Jim Grant recently appeared on the Santelli Exchange on CNBC and the conversation quickly turned to this notion that “intellectuals” have the wherewithal to run the economy. Friday Gold Wrap host Mike Maharrey recently explained two very important economic principles that make it impossible for central planners to ever truly succeed. As he put it, they might be smart, but they aren’t smart enough to know they’re not smart enough. Nevertheless, this doesn’t seem to dampen the fatal conceit and hubris of central bankers who think they can micromanage a complex economy.
Grant put it another way. He called it the ignorance that knows not it’s ignorant.
Stock markets have settled down after an awful couple of weeks earlier this month. On Feb. 5, the Dow Jones suffered its largest-ever drop in terms of points. It was down 1,600 at one point and ultimately lost 1,175.21 points, a 4.6% drop that day. At one point during that week, the Dow was off 10% in correction territory. But everything is calm now and most of the mainstream is once again feeling bullish and optimistic.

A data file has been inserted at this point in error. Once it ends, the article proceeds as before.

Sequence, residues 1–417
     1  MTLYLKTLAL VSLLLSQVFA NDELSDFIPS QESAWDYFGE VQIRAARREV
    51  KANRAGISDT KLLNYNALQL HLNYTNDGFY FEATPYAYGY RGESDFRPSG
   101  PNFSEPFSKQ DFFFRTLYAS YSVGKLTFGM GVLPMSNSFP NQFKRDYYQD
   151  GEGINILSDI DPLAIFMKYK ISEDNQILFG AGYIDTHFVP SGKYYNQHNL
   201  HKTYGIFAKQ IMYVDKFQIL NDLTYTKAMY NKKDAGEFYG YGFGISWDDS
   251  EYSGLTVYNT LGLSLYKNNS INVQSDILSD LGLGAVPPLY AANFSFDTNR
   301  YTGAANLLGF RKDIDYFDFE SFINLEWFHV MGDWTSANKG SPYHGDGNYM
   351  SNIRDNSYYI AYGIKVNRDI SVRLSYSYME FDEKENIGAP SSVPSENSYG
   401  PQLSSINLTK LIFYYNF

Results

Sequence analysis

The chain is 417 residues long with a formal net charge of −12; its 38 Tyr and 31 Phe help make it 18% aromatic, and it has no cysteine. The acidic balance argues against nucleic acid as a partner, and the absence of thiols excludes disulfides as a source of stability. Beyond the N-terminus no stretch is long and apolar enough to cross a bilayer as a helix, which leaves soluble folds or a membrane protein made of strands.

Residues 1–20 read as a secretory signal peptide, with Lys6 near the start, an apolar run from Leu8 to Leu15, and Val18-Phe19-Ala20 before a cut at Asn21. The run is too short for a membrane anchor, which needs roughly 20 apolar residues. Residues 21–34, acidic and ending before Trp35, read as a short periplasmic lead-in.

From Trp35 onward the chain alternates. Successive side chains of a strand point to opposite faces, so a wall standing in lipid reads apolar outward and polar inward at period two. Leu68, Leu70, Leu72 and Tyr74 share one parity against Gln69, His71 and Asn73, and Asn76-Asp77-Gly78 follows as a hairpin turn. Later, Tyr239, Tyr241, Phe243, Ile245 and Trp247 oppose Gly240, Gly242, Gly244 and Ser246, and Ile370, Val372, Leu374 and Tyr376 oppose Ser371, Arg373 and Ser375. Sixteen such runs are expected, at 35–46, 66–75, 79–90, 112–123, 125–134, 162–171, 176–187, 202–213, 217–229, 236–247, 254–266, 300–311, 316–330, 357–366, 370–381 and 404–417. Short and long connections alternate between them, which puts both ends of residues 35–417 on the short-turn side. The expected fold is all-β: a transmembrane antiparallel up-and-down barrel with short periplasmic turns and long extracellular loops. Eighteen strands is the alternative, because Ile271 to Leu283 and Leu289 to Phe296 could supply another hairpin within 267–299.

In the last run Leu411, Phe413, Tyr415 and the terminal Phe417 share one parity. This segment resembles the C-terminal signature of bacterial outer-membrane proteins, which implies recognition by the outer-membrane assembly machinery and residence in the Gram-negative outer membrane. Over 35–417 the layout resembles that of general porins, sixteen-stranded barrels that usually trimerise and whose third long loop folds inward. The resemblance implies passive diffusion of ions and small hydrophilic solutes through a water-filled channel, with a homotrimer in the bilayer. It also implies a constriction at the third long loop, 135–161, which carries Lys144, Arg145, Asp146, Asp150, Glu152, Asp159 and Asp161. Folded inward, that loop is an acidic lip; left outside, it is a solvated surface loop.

Peter Schiff spoke at the Vancouver Resource Investment Conference 2018 last month before the market tanked. But his message remains relevant in the aftermath of the plunge and the subsequent recovery because the dynamics in the market remain pretty much the same. Conditions are still ripe for a 1987-style market crash.
Investors have not been this optimistic…since 1987. They are even more optimistic than they were at the height of the technology bubble, the dot-com bubble, the new era. Of course, 1987 didn’t end well, right? We had a stock market crash, and there’s a lot about what’s happening today that reminds me about what was happening in ’87.”